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Friday 17 June 2016

Specialist, independent investment continuing education & certification for portfolio construction practitioners

Portfolio rebalancing, bear markets, the X factor, Namibia & inflation
This week, Michael Kitces challenges the conventional wisdom of rebalancing portfolios at time intervals, advocating relative rebalancing bands instead (it's a lot simpler than that sounds). On the finology front, Bob Veres looks at how to stop clients' primative flight instincts overruling their rational mind during the stress of a bear market. BlackRock's Charlie Lanchester explains "the X factor" of Australian equity investing. Then hot on the heels of last week's piece from Oliver Hartwich on 'Africa rising', Columbia University's Joseph Stiglitz will further challenge your perspective, showcasing Namibia. Finally, don't miss Christian Hawkesby's top 10-rated presentation from Symposium on why inflation should be the most important macro indicator on our radars.
All the best for a great weekend's continuing education - Graham
P.S. Registration for PortfolioConstruction Forum Conference 2016 (24/25 August) opens next week.


Finding the optimal rebalancing frequency
How often should a portfolio be rebalanced? Rather than the conventional wisdom of rebalancing at fixed time intervals, a superior methodology is tolerance band rebalancing.
Michael Kitces, Pinnacle Advisory Group |
0.50 CE | Research

How to psychologically prepare clients for bear markets
The next bear market will come - and none of us can predict the hour or day. Preparing clients for bearish times may be more important than portfolio design. But how?
Bob Veres, Inside Information |

The Australian equities X factor
Everybody is an Australian equities expert, understandably so for those who live in Australia. But the X factor in Australian equities portfolios is concentration risk.
Charlie Lanchester, BlackRock |

Learning from Namibia
Since winning independence from South Africa in 1990, this country of 2.4 million people has achieved enormous gains, especially in the last couple of years.
Joseph E. Stiglitz & Anya Schiffrin, Columbia University |

Right now inflation is the most important macro indicator
Central bankers successfully tamed inflation in the late 1980s and early 1990s. Persistently low inflation is the new problem. With markets complacent about the inflation outlook, signs of inflation could create a scare.
Christian Hawkesby, Harbour Asset Management |
* Rated in the top 10 presentations by Symposium 2016 delegates

Member comments

Long-term investment returns
Hi Dom - Thanks for a thought provoking article. We live in interesting times and it is rewarding to work with investors during such times. I believe that (extremely) low returns on safe assets is fine...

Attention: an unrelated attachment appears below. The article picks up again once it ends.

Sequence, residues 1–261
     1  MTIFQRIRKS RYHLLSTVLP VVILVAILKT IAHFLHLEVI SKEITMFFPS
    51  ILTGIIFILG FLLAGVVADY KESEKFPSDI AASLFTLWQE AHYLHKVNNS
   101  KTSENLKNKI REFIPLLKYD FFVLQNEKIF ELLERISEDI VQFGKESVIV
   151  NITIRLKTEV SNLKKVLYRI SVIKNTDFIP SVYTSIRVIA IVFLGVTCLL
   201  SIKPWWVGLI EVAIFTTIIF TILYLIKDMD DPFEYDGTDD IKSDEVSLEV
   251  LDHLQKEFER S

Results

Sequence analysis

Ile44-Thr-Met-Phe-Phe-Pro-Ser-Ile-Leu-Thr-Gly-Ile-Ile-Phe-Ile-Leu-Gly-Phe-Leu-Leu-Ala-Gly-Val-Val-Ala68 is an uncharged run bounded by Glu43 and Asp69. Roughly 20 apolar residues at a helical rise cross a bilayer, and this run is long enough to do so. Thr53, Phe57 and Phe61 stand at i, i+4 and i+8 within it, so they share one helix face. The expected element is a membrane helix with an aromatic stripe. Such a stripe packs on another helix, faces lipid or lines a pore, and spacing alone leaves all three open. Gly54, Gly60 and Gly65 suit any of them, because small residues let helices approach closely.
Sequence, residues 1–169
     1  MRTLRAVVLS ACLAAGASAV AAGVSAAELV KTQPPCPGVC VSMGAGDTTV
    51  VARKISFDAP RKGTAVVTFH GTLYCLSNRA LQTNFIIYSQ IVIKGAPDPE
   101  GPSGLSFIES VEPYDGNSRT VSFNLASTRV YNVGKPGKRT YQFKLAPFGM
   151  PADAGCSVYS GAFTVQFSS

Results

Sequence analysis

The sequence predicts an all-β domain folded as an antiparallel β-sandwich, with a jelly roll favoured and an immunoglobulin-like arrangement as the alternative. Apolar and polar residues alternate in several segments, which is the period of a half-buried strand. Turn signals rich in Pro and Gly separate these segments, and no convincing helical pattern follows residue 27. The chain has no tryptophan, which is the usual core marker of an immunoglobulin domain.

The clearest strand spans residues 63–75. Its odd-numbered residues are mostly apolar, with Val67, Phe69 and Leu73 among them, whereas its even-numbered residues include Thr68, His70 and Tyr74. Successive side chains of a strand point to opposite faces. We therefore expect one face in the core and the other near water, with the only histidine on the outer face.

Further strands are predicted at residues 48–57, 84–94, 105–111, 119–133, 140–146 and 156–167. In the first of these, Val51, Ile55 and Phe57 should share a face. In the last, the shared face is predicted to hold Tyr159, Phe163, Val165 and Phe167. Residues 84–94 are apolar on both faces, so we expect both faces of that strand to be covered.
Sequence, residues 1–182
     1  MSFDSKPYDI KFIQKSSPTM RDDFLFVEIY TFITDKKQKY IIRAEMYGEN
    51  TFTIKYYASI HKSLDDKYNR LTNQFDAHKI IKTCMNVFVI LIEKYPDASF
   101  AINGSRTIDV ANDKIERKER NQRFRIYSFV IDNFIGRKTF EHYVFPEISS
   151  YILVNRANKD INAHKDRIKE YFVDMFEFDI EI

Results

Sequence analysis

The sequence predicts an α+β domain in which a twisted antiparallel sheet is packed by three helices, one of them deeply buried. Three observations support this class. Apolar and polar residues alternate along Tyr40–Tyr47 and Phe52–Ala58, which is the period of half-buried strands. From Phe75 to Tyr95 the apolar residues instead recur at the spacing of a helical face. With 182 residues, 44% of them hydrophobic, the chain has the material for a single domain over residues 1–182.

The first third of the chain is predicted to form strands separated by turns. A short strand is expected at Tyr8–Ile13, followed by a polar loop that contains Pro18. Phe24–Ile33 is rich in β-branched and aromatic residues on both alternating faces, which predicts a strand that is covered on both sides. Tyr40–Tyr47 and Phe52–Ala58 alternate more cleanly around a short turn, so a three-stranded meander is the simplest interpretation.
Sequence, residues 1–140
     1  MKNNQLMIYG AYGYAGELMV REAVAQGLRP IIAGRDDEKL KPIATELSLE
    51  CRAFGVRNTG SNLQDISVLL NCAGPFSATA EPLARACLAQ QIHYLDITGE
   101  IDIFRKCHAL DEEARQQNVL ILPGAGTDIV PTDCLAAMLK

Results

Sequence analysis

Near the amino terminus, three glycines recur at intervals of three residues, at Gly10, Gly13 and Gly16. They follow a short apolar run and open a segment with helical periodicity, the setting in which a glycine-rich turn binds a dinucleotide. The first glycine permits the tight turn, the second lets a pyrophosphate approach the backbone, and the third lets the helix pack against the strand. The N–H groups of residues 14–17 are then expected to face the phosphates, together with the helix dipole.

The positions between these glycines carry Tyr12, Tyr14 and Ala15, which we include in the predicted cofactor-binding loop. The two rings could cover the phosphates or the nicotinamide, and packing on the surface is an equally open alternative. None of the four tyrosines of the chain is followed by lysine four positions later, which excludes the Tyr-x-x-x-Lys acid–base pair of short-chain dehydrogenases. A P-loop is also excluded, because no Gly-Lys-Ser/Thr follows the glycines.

Mark Hayden, Hayden Financial Services |

Geo-politics - Growth of Democracy
This is an optimistic assessment of the world: people use the Internet to become better informed and so there is a spread of democracy. Maybe.
Dr Keith Suter, Global Directions |

Geo-politics - Universal Basic Income (UBI)
The UBI debate is gaining traction. I have been a supporter of it for many years. But it is a hard sell...
Dr Keith Suter, Global Directions |


Challenges in building portfolios today (and what to do)
The current investment environment is arguably one of the toughest ever in which to build portfolios that deliver return and are robust into the future. There are a range of approaches that can be taken
Dominic McCormick, Select Investment Partners
 1 comment | Opinion

Populists and productivity
The view prevailing in Silicon Valley and other global technology hubs is that we are entering a new golden era of innovation which will radically increase productivity growth. Why haven't those gains appeared?
Nouriel Roubini, Roubini Global Economics |

Why take an interest in Africa's rise?
Africa rising' has been a catchphrase since the beginning of this century. It is the idea that Africa, and especially Sub-Saharan Africa, could be to the 21st century what South-East Asia was to the second half of the 20th century.
Dr Oliver Hartwich, The New Zealand Initiative |

Setting a retirement spending policy
Setting an appropriate spending level is one of the most crucial tasks for retirees. Spend too much and risk utter penury down the track. Be too conservative and the client spends their remaining years in unnecessary hardship.
Tim Farrelly, farrelly's |
0.50 CE  | Opinion

Today's risk profiling puts us all at risk
Risk profiling is entirely broken. The key to understanding clients is in analysing their actions, not their words, or answers to a risk questionnaire.
Bernard Del Rey, Capital Preferences |
* Rated in the top 5 presentations by Symposium 2016 delegates

Member comments

Pay attention to geo-politics when making investment decisions
Given the reluctance of traditional media organisations to cover geopolitics in any depth, where can investors find reliable sources of information on world events?
Graham Rich, PortfolioConstruction Forum |

Geo-politics - Information
There is no one basic source of such information. World events are as complicated as any other aspect of life.
Dr Keith Suter, Global Directions |

Investment lessons from Japan
As I read your article, Tim, I found myself wondering about the comparative relativities between the Japanese experience and ours...
Russell Wadey, Insight Family Wealth Consultants |

Investment lessons from Japan
Yes, yes and yes! One of the great difficulties with economics is that we rarely get conclusive data - every situation is different, so it is very rare that we can say with absolute certainty that x causes y...
Tim Farrelly, farrelly's |


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